The Eve of St. Agnes: Stanza 31 - Summary

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These delicates he heap’d with glowing hand
On golden dishes and in baskets bright
Of wreathed silver: sumptuous they stand
In the retired quiet of the night,
Filling the chilly room with perfume light.—
“And now, my love, my seraph fair, awake!
“Thou art my heaven, and I thine eremite:
“Open thine eyes, for meek St. Agnes’ sake,
“Or I shall drowse beside thee, so my soul doth ache.”


      Porphyro collects all these delicacies, with his hand which is burning with love, on golden dishes and bright baskets made of twisted silver. They look like offerings to his goddess. These delicacies appear lavishly magnificent in the quiet of the far advanced night and fill the room with a mild perfume.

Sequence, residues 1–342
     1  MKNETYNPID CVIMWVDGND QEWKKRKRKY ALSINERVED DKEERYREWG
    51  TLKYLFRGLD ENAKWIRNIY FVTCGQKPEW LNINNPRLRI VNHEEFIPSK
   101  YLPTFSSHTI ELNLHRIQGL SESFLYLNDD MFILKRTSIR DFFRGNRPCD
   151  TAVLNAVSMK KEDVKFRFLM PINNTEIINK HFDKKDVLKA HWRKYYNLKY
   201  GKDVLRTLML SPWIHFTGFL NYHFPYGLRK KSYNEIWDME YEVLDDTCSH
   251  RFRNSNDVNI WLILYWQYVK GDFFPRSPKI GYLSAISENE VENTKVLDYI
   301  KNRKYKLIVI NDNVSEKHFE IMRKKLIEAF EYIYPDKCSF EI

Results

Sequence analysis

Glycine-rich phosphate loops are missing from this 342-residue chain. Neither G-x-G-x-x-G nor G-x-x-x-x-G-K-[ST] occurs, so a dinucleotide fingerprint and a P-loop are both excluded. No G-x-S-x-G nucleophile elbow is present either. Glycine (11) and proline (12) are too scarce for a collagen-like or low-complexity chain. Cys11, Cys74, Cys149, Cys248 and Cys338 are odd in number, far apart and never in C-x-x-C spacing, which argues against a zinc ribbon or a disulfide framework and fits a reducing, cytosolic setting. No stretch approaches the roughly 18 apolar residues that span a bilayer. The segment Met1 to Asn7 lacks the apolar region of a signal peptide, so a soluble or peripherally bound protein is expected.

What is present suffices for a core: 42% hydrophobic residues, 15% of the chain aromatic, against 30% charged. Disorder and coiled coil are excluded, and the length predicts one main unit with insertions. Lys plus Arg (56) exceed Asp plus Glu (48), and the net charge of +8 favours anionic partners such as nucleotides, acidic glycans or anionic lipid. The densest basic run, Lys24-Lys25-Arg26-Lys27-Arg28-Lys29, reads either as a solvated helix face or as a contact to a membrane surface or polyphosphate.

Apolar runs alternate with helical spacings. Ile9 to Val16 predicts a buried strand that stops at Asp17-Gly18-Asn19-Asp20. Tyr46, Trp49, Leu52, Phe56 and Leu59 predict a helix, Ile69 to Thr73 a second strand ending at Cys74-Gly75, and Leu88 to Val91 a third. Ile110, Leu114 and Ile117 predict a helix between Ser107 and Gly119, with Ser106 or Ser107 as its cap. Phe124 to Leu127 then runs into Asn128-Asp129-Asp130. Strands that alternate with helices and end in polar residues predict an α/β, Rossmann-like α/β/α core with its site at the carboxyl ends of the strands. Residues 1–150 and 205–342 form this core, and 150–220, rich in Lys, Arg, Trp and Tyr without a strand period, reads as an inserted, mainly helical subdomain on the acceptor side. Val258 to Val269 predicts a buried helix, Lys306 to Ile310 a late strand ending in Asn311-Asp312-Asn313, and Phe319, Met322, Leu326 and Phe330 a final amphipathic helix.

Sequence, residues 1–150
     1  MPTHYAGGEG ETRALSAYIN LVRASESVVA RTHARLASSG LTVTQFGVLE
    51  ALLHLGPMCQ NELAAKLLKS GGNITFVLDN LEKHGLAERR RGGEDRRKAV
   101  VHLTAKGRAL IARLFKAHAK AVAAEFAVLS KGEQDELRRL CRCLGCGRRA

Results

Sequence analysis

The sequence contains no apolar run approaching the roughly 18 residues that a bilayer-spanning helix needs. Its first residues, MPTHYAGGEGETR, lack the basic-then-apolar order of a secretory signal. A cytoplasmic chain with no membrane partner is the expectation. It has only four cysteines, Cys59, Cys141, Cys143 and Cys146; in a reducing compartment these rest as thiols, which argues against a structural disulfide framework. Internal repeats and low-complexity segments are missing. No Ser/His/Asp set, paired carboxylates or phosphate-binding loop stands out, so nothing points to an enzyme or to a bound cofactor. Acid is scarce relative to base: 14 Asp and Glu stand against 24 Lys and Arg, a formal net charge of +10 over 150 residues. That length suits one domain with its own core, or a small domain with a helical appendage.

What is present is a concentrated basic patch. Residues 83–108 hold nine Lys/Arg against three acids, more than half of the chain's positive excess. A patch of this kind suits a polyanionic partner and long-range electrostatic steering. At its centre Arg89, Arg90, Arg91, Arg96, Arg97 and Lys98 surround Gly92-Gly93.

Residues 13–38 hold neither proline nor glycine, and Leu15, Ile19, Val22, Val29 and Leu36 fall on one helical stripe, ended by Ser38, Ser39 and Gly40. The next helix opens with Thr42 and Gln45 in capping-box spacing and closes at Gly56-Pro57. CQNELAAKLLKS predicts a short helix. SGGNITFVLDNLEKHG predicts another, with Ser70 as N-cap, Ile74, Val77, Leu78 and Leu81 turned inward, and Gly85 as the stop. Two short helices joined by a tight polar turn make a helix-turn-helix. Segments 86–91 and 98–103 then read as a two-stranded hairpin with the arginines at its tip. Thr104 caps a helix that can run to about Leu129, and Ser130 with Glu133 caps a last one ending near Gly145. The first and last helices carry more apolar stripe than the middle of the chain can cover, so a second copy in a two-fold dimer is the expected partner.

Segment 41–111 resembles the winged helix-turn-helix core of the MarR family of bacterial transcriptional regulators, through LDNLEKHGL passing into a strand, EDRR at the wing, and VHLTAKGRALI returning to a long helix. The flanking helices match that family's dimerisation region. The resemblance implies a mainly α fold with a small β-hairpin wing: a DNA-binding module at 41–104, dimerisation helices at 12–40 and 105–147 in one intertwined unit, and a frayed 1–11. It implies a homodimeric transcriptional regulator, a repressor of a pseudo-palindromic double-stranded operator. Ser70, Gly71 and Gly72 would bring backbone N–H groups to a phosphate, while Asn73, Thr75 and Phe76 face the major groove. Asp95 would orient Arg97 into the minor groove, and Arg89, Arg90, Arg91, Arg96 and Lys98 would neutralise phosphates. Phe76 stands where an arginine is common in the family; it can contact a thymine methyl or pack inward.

This is a passionate speech made by Porphyro to his sleeping beloved whom he addressed as his love and as his sweet, beautiful angel. He wanted her to wake up now. He called her his goddess whose worshipper or priest he was. He asked her in the name of the gentle saint, Agnes, to open her eyes, adding that if she did not wake up, he would faint by her bed-side because he was feeling a pain in his heart caused by the intensity of his passion for her. Porphyro’s passion had become an agony to him now and Madeline alone could soothe or clam him. (It should be noted that Porphyro is several times described as on the verge of fainting. The lovers in Keats’s poems are generally of the swooning type, so intense is their passion. There is almost an element of morbidity in the passion of these lovers.

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